This is what makes a great entrepreneur – a laser focus on one objective and doing everything everyday that takes you towards that goal.

Frankly, it would drive me crazy to be an entrepreneur. I would lose my zest for life like a grape shrivelling into a raisin under the scorching sun.

Such intense focus never made it onto my Wanna Do list.

I can only focus on one area for an hour or two before losing my enthusiasm and drive.

As Marsha my dedicated, delicate yoga instructor smiles and softly sings, “there are many paths to the same objective.

I’ve spent my life hound-dogging a diverse path leading towards the jelly-bean bowl of Wanna Do’s.

Selfish? Indulgent?

It might appear to you that I’m narcissistic and self-centred.

Perhaps, although I try to balance the scales of self-indulgence with volunteer and charitable Wanna Do’s. But even fruitful charity has the seed of ego at its centre unless you’re Mother Teresa.

I think that a truly perfect week should have the space and freedom to accommodate a cathartic moment of Shakespearean mixed comedy/tragedy.

And that’s why Donald Trump is gonna stay on my Wanna Do list for the foreseeable future.

todo-list

 

 

Passions and Reflections …

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Ruby:  Every piece of this is man’s bullshit. They call this war “a cloud over the land” but they made the weather and then they stand in the rain and say “Shit, it’s rainin’!”

COLD MOUNTAIN (Movie)

cold mountain

Certain movies come to have extra meaning for us.

Stories of longing, or joy, or sorrow, or zany moments…

It’s because they reflect ourselves back to us as if we’re standing buck-naked in front of a mirror… we realize, “This is MY story” … sometimes we don’t even realize why we’re feeling this …

Or we watch longingly and tell ourselves, “I wish this was MY story“…

And of course there are many that we view and genuflect, “Thank God this ISN’T my story.”

I think this is why I’m not a big fan of sci-fi or horror movies (But of course I’ll be going to see the new Star Wars!). I don’t see my reflection anywhere in the picture.

And most times I definitely don’t want to see myself there. I don’t feel a personal connection to having a spaceship battle or slashing someone’s throat, spattering pools of hot crimson blood. They can be fine for an hour or two of escapism and entertainment, but they won’t find a place on my favourite flick list.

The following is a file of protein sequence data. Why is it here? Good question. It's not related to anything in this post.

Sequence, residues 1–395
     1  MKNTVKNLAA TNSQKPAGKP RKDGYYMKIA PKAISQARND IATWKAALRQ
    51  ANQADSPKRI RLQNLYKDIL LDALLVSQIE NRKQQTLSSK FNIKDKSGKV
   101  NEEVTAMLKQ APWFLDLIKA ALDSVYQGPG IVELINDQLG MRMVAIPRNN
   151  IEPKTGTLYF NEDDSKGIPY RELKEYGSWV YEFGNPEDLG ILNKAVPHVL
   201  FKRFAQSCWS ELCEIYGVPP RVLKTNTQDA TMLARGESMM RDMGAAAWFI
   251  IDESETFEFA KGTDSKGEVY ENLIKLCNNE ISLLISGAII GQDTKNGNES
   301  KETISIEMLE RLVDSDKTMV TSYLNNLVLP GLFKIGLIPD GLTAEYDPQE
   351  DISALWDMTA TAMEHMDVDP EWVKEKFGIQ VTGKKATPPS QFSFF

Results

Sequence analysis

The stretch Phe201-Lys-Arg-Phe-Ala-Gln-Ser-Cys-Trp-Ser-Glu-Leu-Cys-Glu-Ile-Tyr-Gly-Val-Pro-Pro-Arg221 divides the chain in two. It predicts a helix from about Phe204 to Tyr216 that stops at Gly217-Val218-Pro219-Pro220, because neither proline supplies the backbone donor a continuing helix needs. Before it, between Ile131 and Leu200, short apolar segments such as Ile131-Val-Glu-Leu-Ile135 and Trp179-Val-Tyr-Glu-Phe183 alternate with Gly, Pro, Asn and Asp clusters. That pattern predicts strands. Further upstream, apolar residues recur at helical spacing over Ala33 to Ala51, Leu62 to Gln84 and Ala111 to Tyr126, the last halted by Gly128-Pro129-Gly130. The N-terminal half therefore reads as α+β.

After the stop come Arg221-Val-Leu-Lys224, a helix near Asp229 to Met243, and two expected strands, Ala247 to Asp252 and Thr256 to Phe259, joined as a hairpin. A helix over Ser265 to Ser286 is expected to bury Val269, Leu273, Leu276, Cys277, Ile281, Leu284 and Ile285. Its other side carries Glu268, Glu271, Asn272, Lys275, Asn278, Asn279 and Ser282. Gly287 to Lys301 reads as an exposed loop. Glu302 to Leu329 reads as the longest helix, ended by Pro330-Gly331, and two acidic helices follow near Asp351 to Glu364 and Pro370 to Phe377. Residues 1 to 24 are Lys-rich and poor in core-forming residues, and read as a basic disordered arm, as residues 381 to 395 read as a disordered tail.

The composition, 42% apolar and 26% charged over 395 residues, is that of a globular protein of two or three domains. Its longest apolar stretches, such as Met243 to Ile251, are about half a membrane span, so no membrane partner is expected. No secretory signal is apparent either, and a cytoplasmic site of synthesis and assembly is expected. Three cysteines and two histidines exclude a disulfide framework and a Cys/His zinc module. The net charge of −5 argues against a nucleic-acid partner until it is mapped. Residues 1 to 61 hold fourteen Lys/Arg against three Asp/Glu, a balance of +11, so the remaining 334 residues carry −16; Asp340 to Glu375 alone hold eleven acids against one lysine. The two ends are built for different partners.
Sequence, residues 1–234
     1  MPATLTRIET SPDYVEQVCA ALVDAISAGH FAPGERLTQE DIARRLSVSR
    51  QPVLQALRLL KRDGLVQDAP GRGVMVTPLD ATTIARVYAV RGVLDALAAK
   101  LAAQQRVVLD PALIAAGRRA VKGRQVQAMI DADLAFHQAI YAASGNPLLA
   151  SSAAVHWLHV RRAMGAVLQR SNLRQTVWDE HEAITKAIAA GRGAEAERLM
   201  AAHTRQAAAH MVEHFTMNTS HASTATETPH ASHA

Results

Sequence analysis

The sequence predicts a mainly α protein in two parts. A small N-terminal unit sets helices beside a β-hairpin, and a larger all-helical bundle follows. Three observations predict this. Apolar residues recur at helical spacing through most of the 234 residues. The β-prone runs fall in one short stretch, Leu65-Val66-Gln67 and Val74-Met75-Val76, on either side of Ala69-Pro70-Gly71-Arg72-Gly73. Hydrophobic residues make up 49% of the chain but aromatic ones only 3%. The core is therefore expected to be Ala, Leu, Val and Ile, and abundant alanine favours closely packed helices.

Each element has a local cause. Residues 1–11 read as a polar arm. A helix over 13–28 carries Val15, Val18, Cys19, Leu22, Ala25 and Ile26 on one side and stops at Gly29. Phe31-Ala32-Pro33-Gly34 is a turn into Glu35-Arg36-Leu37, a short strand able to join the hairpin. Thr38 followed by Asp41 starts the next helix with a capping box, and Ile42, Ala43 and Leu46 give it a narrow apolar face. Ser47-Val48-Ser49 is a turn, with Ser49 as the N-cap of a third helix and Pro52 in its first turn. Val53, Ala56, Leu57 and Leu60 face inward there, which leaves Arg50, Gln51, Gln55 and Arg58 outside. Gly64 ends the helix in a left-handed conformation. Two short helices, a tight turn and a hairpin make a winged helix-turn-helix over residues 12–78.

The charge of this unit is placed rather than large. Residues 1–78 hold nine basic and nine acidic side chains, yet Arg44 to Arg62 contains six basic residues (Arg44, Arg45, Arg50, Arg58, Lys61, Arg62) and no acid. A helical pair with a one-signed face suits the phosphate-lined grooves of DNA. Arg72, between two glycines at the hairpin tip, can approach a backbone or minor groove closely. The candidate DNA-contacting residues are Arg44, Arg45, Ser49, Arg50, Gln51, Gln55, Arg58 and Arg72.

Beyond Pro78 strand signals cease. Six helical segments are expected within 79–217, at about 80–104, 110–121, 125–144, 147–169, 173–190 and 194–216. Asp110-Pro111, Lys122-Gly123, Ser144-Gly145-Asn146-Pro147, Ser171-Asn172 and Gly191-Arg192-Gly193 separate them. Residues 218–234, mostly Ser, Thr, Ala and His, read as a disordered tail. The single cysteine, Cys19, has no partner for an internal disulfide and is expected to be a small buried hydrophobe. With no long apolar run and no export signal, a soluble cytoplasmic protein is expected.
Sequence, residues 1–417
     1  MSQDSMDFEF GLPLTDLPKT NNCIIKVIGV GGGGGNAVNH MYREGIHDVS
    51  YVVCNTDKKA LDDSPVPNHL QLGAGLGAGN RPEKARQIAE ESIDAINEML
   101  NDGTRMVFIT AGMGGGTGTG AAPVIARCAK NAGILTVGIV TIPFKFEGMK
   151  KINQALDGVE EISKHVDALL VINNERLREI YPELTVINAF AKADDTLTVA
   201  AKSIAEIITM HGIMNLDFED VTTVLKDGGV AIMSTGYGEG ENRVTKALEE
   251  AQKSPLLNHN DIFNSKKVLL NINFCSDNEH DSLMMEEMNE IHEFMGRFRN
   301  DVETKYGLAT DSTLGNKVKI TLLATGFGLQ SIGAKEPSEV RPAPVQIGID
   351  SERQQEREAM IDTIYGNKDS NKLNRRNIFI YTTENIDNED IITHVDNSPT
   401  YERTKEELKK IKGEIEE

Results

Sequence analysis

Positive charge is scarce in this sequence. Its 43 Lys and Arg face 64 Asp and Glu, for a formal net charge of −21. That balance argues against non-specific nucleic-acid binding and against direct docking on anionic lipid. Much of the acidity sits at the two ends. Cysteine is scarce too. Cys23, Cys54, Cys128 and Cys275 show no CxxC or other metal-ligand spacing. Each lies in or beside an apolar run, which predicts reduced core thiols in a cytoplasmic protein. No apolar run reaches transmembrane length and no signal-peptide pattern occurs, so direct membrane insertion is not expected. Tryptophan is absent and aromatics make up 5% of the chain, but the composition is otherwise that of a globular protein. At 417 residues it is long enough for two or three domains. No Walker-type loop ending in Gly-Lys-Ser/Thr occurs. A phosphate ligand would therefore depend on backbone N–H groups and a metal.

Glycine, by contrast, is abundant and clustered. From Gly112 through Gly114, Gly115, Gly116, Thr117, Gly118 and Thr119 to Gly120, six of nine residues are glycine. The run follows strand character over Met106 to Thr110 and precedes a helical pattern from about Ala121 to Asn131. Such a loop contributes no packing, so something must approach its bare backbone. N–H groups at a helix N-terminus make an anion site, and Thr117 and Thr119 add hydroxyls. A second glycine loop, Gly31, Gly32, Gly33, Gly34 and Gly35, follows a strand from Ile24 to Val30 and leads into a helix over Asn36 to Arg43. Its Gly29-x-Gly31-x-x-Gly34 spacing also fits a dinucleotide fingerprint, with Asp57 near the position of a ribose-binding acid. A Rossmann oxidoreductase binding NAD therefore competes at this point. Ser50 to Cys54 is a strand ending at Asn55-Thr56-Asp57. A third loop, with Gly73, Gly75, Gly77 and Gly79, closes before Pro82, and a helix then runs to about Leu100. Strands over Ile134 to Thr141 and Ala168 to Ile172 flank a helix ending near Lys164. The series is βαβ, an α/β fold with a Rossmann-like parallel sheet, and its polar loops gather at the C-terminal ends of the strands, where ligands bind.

Movies – when I stop munching popcorn long enough to pay attention –  are often my mirror and where the reflection unearths my passions and what the future holds.

Quotefancy-12466-3840x2160

Throughout life, passion is a result of struggle.

For the young, the struggle is to attain an identity and become a functioning adult.

For the middle-aged like myself, the struggle is to find meaning whilst a blanket of heightened sense of mortality envelopes us.

Meaning and purpose for these years should revolve around issues bigger than which buffet to patronize, or which toilet paper is softest on my bum.

…………………

There are light fluffy Christmas flakes, tiny little daytime shooting stars wafting from the grey sky outside my window as I write this.

Little pillows of cotton fluff adorn the tips of the towering Ponderosa Pines and I can hear chickadees chirping through the chilly air as they forage for seeds to keep their systems running warm and smooth.

December, with it’s shorter, colder days is a perfect month to reflect and take stock …

To me, a balanced, healthy person needs to look after a number of areas within their life to sustain what we might describe as happiness, a calm reflection of what is important to them.

We can wake up each morning and allow life to happen to us, wearing a blindfold while teetering on a cliff’s edge, waiting for a sharp breeze to send us plummeting …

… or we can arise with a determination to shape our direction with our eyes wide open and bright, skipping confidently along the rim of the Grand Canyon, seeking ideas and plans for a vigorous, well-lived life.

Life should be a little like doing core exercises at the gym. It’s not always obvious that as we pile on the crunches, strengthening the middle, it supports all of our other regions so they perform at their best.

In this life that is MY movie, my core … here are just a few of my miscellaneous December life reminders and reflections:

  • look after my own well-being – if you always give those around you the oxygen mask first, what good are you when you’re the first to die?
  • writing – helps me discover the inside me that hides away, even from myself. Life is filled with mysteries, none so great as who we ourselves are.
  • creativity – I have to nurture the seeds and persist in writing, music, cooking, anything that requires imagination and deeper thought. Not every moment, every attempt produces a work of fine art, but fine art will never appear unless my bum appears in the seat to make the attempt. Over and over.
  • investing – the life I live and person I choose to be is not going to come about unless I can sustain a livelihood. Taking time to read and digest, and then make good judgments about investments is critical.